The latest “honesty” story is that he brought several bottles and in the growing gloom of the early evening we didn’t notice that we accidentally gave him a five peso coin amongst the several single peso coins in the handful offered up. Some ten minutes later he returned to exchange the “wrongly” received five peso coin for a single peso. What a pleasure to deal with such an honest gentlemanly thing especially at the end of a busy Sunday.
Tuesday, August 12, 2003
Columbus said that the climate in Hispaniola was best described as ‘perpetual June’… Nevertheless… it is high summer here and numbers at the beach are swelling. They swell for various reasons, but the main ones are always that people in many parts of the world take their annual holidays in August and that the locals seek refuge at the breezier and therefore fresher beach side away from the sweltering heat of their Santo Domingo neighborhoods. This year though we have an additional wave of visitors thanks entirely to the 14th Pan American games taking place nearby. Our usual international gathering has been added to by the likes of Mexican sharp shooters, Canadian wrestlers, Jamaican team managers not to mention the press contingents – all of them enjoying the special flavor that the Boca Chica beach has to offer on their days off, bringing their own spicy variety of interesting stories to the bar too and all of them playing their role in the ongoing ‘Playa Vista’ soap opera.
Friday, August 22, 2003
The PanAm Games are over and the enthusiasts on our island seem to be very pleased with the outcome, not least the haul of 10 gold medals and even more silver and bronze for the Dominican team across a range of sports from 400 meters hurdles to table tennis. After the voluble celebrations of the Brazilian soccer silver medallists at Playa Vista and the coming and going of many other participants we are now left with our usual summer influx of visitors, the peaking summer temperatures and most important of all our truly international range of friendly customers who trek from even further afield than the Americas to visit our little town with surprising regularity. We ourselves have been experiencing a little streak of high temperatures in the last few days but that has to be tempered with the knowledge we are getting people from middle and southern Europe cooling down here in their escape from exceptional heat and forest fires back home.
Sunday, August 31, 2003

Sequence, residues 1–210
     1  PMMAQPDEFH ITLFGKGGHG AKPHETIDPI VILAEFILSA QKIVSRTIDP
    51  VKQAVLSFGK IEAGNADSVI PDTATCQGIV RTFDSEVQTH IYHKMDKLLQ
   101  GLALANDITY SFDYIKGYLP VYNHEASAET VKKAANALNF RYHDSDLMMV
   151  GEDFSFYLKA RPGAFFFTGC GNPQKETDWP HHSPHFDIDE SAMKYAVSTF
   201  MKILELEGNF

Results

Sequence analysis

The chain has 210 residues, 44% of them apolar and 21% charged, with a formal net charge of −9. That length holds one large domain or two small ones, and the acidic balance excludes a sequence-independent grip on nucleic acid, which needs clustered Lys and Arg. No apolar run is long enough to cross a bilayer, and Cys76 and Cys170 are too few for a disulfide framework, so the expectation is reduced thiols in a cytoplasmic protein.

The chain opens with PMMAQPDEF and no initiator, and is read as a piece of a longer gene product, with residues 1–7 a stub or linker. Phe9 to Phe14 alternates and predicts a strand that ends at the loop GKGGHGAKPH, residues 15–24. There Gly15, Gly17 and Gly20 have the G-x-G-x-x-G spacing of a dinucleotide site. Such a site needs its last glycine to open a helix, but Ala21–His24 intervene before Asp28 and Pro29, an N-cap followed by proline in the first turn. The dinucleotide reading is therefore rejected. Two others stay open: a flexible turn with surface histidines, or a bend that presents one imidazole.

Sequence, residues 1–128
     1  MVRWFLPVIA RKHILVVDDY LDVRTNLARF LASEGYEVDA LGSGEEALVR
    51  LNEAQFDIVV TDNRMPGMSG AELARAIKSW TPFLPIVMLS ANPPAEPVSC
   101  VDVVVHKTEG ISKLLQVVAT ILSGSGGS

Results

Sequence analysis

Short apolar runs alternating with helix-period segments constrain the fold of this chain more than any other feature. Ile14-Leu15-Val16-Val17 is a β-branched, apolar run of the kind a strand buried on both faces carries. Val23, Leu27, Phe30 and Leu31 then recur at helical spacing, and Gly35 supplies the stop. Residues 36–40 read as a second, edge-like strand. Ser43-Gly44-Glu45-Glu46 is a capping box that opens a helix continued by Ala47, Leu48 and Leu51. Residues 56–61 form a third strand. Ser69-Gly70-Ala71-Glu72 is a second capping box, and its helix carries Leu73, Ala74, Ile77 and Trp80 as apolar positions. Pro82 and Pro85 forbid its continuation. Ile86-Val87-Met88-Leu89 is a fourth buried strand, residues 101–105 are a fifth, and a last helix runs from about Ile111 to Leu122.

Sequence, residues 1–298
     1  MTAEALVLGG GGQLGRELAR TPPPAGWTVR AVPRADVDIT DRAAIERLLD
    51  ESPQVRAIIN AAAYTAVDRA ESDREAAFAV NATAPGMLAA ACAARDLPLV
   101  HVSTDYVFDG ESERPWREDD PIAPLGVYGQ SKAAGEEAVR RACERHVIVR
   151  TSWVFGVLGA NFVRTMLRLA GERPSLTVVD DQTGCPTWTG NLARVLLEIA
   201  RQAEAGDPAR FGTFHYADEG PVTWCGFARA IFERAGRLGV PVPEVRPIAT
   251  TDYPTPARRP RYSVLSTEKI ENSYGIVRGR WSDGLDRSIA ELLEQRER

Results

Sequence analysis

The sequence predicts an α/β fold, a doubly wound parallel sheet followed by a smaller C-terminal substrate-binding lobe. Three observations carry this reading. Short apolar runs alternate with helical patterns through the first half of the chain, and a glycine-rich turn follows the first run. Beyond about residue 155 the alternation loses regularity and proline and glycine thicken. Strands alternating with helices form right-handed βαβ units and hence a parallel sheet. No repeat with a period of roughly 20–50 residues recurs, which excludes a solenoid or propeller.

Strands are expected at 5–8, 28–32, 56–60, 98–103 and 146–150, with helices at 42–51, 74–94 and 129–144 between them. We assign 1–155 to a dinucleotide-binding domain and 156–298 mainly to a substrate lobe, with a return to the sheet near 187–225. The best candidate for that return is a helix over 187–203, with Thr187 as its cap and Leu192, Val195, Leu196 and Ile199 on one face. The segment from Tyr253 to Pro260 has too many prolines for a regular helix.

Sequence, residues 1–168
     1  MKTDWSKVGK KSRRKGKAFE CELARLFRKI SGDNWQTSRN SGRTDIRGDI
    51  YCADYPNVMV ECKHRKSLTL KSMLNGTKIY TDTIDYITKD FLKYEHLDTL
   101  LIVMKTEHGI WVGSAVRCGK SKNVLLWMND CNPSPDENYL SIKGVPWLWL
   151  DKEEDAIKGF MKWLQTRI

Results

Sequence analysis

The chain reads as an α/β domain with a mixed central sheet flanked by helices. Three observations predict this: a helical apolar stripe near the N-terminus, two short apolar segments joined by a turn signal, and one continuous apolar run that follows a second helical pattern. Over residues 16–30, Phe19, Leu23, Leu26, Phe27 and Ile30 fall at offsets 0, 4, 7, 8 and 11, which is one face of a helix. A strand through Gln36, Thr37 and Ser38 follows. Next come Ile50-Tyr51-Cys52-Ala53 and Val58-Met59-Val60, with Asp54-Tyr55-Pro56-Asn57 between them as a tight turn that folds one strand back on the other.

Everything is as rosy as it comes here in our little corner of paradise just every now and again the material world gives us a straight uppercut just to remind us that we after all live in the world of inertia. We had been on rather a good run without many interruptions of late to the regular smooth service, but suddenly last week we were back trying to walk through the “molasses” again. It was late Friday night (of course) and the telephone started playing tricks just at the same time as the computer (of course). Saturday both the phone and the computer were down and first off the local phone company, Codetel, were called. As we have a special business account they would be out to visit us in 24 hours. Great. By Sunday afternoon no show and when we, after the regular trek to the nearest usable public phone, asked what had happened – 24 hours on weekdays not weekends stupid! Oh god, of course, and thanks for not mentioning that yesterday when we called!. Monday came and went and still no show. Tuesday morning off to call again to ask why? The engineer couldn’t find us! For those of you who don’t know our location, we are in the dead centre of town on a small street with very few businesses where the monthly bill always arrives correctly and where no engineer had ever previously had difficulty in locating us. We had now missed Tuesday so we got another appointment Wednesday between 9 and 4. So, Wednesday at 3.15 we made another call to Codetel because we were getting a bit worried based on our previous experiences – How would this globe trotting engineer ever find us? Was he really looking for us? Did Codetel even exist beyond a voice at the end of the line? and other similar outlandish questions. The cool response to that call was that the appointment was still valid because it was not yet 4 o’clock. So, they insisted, with absolutely no recognition of our genuine concern for what was likely to happen, that we just wait again! Another hour later when nobody turned up off to the jolly old public phone to point out exactly how our fears were well founded and ask how could we possibly ensure that a visit was going to be made at all. They now offered us something they called a “numero de reclamacion” which we interpreted to be a kind of complaints number. It certainly wasn’t linked to any form of financial recompense for the inconvenience caused. It was rather as if it was now finally recognized that we actually had a problem and now that we had passed through the complaints initiation rites they would actually consider doing something about it. The man we dealt with after giving us the requisite number assured us that somebody would definitely visit us by SEPTEMBER FIRST! (four days hence). Now what was all that talk of 24 hours 5 days previously!